The project is emphasizing the services to the Romani population in Macedonia, to address the urgent and unmet need for assistance in civil and personal registration in obtaining personal documents.
National Roma Centrum is structurally and systematically dealing with Roma civil status registration. NRC’s aims to eliminate the high rates of unregistered Roma in Macedonia, helping in procedures applying for civil registration in order to empower them actively to participate in the society.
The main activity of the Roma Civil Registration Informative Campaign will be to provide information to Roma communities about the value of civil registration and the procedures that must be followed new documentation according to the new Law; and to inform public officials of their obligations to communicate and register all births.
The output of the Campaign will be to increase awareness of the population about the registration, and the Campaign’s main objective is to increase the registration of Roma in order to regulate their status.
NRC is implementing project activities due to issues related to personal civil registration in cities in Macedonia – Skopje (except Suto Orizari municipality), Vinica, Kriva Palanka, Kumanovo, Stip, Tetovo, Gostivar, Prilep, Veles, Kocani, Kavadarci, Bitola and other cities where necessary.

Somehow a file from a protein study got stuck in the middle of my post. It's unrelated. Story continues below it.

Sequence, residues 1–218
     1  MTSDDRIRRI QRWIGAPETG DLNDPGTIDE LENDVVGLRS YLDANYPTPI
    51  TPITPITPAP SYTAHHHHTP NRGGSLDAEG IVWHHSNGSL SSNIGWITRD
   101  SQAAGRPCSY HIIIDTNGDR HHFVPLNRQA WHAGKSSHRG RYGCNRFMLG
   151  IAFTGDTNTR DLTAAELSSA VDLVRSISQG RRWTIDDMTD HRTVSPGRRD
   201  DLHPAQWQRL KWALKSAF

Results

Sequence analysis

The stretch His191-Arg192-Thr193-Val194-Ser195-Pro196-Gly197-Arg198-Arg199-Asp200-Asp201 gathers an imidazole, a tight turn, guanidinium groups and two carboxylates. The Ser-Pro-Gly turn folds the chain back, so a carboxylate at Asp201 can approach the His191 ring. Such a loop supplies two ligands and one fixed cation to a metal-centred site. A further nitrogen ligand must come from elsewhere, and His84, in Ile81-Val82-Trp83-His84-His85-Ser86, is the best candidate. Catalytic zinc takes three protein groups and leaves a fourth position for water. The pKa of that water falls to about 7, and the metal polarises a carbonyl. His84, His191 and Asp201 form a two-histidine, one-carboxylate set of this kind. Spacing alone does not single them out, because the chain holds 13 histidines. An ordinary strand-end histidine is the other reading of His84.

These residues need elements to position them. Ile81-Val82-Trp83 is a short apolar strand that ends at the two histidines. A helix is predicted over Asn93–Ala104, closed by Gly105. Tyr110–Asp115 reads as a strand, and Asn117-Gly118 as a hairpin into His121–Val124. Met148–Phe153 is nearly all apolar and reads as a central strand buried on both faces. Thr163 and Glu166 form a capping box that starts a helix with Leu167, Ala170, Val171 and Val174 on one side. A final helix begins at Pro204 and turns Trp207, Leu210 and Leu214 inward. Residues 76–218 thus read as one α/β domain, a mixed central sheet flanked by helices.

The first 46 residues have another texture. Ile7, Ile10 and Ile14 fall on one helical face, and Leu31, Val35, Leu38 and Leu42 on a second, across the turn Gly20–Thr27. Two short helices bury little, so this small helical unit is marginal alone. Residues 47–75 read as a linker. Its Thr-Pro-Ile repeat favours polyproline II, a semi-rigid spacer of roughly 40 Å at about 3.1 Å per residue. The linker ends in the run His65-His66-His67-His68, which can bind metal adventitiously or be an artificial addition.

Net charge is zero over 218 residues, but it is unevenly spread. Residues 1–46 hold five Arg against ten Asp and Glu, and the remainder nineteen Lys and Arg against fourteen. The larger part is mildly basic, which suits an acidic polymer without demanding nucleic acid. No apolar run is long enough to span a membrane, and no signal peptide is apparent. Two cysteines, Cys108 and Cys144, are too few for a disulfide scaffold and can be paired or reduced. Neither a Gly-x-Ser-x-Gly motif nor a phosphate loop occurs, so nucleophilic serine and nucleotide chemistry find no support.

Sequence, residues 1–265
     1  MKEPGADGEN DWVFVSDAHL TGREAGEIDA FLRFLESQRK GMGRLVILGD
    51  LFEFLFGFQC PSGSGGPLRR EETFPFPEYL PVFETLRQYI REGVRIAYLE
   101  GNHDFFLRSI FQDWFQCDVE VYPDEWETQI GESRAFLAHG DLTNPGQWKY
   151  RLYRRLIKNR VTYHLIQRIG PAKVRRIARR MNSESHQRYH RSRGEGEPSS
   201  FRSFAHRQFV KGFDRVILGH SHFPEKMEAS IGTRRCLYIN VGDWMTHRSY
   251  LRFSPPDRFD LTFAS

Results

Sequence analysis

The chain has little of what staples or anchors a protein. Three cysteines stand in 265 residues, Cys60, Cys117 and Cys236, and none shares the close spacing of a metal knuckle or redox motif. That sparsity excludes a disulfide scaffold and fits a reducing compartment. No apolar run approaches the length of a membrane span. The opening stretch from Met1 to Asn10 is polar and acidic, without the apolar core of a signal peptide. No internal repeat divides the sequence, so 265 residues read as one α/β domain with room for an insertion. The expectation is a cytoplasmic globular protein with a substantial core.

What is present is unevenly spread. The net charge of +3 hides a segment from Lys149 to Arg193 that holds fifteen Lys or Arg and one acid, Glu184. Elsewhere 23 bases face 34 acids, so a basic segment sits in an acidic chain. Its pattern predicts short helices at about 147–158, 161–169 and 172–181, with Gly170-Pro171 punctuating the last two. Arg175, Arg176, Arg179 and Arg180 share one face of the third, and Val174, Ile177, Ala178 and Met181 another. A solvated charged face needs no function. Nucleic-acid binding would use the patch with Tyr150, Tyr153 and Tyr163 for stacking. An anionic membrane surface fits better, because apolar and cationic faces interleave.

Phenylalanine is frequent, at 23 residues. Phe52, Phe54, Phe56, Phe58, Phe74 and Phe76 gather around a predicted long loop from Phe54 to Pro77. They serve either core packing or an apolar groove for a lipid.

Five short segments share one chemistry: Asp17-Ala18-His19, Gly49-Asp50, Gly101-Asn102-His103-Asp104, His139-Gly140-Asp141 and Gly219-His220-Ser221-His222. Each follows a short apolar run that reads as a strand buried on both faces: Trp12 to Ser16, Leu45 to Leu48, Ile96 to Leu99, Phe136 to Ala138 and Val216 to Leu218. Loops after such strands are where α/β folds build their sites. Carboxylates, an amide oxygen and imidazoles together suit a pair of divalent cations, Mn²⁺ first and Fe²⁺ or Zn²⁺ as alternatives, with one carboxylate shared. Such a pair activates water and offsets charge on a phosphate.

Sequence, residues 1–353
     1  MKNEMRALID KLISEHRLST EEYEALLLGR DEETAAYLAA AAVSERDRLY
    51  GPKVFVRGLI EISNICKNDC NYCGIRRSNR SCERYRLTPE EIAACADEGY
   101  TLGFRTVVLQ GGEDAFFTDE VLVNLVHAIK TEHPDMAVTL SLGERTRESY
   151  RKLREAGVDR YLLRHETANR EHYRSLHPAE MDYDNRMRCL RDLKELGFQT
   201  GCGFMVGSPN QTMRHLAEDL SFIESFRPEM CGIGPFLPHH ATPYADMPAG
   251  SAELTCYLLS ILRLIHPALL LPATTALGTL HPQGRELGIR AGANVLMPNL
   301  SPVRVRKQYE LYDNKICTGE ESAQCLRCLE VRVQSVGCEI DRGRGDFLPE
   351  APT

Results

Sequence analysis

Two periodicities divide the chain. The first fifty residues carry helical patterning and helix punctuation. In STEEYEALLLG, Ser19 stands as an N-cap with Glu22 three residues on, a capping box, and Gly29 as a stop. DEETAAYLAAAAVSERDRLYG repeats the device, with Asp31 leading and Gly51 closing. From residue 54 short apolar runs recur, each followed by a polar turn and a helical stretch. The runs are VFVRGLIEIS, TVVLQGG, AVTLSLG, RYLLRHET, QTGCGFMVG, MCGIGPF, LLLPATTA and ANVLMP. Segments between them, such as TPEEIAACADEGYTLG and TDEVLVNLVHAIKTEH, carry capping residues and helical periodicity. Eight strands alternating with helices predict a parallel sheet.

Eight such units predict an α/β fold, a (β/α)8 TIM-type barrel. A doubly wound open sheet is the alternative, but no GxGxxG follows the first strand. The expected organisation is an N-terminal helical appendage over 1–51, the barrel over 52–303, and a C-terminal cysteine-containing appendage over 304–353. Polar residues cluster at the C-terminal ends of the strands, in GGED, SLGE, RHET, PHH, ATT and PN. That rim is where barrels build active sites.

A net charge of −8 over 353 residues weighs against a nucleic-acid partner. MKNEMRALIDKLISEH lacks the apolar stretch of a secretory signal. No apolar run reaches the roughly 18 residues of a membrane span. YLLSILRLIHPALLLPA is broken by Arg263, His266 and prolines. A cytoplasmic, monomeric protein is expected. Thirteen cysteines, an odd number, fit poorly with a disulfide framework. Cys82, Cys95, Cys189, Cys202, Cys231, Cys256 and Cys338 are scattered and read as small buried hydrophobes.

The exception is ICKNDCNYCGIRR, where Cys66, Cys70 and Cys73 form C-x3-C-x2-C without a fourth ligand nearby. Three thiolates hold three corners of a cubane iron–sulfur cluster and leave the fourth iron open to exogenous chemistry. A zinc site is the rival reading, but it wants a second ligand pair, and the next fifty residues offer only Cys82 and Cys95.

The reasons identified during the previous projects for Roma parents not to register themselves and their children were as follows:
- Complex procedures for newest changes on ID Cards and registering children after the statutory period from the date of birth, including the requirement upon parents to produce supporting documents or witnesses to verify the identity of their child;
- Costs associated with the new ID Cards and late registration, transport and other expenses;
- Hospitals refusing to issue a document stating that the child was born, since a lot of Roma mothers are not covered by health insurance and cannot afford to pay hospital fees;
- Difficulty for parents of children born abroad to get hold of documents from the countries where children were born.
The problems that Roma communities face are so great that, unless we tackle the root causes of marginalization, we cannot hope to significantly increase Roma participation. Resolving such cases can be a long, bureaucratic and often expensive process that may take up to a year. Problems related to civil registration are perpetuated when children are born to parents with no valid documents. Persons excluded from civil registration do not have their identity recognized by the legal system and are unable to execute legally valid acts. They are likely to be excluded from the exercise of rights and obligations. The lack of official identity and other personal documents is an obstacle for Roma and marginalized groups to get access to realization of rights. For instance, inappropriate medical identification is often leading to incomplete vaccination coverage, particularly for children.